Journal: American Journal of Political Science
Status: Under Review
SPSA 2017 in New Orleans
Emory Political Economy Conference (2017)
Traditional democratic norms suggest that accountability in democracies requires voters to be able to accurately perceive the position of candidates for office. When asked to place congressional candidates on an ideological spectrum, voters show a surprisingly high level of both inaccuracy and variation in the policy positions of candidates. In this paper we investigate three theories of candidate placement to determine the possible sources for voter inaccuracy of candidate positions: the Assimilation and Contrast theory, the Partisan Cheerleading theory, and the Information theory. We develop an approach for placing candidates, voters, and the voters perceptions of the candidates on the same scale and develop an instrumental variables approach for distinguishing between the competing theories. We find evidence for Assimilation and Contrast among low knowledge voters and Cheerleading among high knowledge voters. We also find evidence that the actual position of the candidate has a detectable but small effect on voter’s perceptions of that candidate, limiting the extent to which House candidates are held individually accountable for the positions they take. Contrarily, we find evidence that voters cue off of the positions of the party’s other candidates, suggesting that candidates for a political party are held collectively accountable.
Paper | Data | Code
Title: Explaining Attack Advertisements Using a Group Competition Framework
Conference: SPSA 2018 in New Orleans
Research on polarization in the United States has primarily focused on two parallel tracks. First, electoral and institutional track that explores polarization by elites as the result of electoral competition, the second an affective polarization track that focuses on social identity among voters. Using insights from group-competition and collective action research, I establish a framework to combine these tracks to develop a group-competition framework to explore polarization as a result in variation of in-group power and out-group threat. To demonstrate an empirical application of this framework, I investigate the relationship between usage of negative advertisements and the competitiveness of parties (the in-group power) and the ideological distance between them (the out-group) in gubernatorial races. I find that increased competitiveness and ideological distance between partisans in the state leads candidates to increase the amount of time they dedicate towards airing negative advertisements.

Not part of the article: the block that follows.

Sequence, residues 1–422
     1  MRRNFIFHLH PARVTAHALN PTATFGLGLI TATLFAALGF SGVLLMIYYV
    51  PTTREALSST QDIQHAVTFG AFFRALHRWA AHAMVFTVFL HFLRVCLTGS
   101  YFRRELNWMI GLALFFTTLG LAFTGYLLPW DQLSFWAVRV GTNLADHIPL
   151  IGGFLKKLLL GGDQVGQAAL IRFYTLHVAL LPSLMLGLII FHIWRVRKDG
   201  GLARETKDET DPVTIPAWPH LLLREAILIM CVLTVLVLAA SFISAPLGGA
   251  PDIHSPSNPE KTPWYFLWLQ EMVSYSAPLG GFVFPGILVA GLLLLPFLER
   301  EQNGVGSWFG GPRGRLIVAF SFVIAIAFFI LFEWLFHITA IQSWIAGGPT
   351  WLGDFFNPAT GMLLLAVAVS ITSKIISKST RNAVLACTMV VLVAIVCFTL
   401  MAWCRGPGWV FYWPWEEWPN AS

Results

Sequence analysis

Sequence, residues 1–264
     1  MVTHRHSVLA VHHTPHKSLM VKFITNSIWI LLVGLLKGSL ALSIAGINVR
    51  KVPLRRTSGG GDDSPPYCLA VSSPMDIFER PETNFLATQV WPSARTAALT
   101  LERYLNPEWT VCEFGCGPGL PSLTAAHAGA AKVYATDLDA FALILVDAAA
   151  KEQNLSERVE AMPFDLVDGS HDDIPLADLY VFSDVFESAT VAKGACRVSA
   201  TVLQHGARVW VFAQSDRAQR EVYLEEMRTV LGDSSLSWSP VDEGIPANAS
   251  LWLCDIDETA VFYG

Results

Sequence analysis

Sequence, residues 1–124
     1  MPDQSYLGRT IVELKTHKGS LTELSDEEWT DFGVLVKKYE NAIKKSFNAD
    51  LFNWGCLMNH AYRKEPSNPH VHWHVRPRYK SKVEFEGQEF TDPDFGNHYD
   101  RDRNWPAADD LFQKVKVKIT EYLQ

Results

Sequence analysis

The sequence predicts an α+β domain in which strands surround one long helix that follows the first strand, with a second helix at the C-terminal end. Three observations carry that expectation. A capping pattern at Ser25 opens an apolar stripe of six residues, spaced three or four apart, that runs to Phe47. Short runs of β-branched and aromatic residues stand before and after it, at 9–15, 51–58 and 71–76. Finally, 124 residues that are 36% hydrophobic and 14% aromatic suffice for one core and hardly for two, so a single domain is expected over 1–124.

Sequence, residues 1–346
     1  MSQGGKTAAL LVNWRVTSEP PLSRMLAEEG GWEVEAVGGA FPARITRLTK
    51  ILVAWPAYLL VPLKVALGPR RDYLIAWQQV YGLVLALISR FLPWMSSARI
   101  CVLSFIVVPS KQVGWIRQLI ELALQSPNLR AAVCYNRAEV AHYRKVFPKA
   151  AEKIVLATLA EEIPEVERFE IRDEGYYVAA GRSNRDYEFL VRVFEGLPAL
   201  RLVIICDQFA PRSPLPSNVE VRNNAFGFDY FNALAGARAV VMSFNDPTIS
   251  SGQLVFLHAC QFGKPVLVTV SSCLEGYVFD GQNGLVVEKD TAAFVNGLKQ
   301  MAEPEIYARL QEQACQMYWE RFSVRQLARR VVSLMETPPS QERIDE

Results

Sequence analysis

Paper | Data: State, Candidate | Code: State, Candidate
Title: “Looking for a Fight? Conflict Avoidance and Responses to Uncivil Politics”
Conference: APSA 2016 in Philadelphia
How does exposure to uncivil political conflict affect the willingness of individuals to participate in politics? I investigate the effect of an individual’s level of conflict avoidance, which is the willingness to avoid or approach conflict, on this question. Based on the current literature regarding uncivil political conflict and personality, higher levels of this trait are associated with more susceptibility to the negative effects of uncivil politics. I theorize, however, that low levels of this trait may be associated with higher levels of political participation. Observational and experimental data indicate that conflict avoidant individuals become less politically engaged when exposed to uncivil political conflict while those more comfortable with conflict become more politically engaged compared to civil political conflict situations.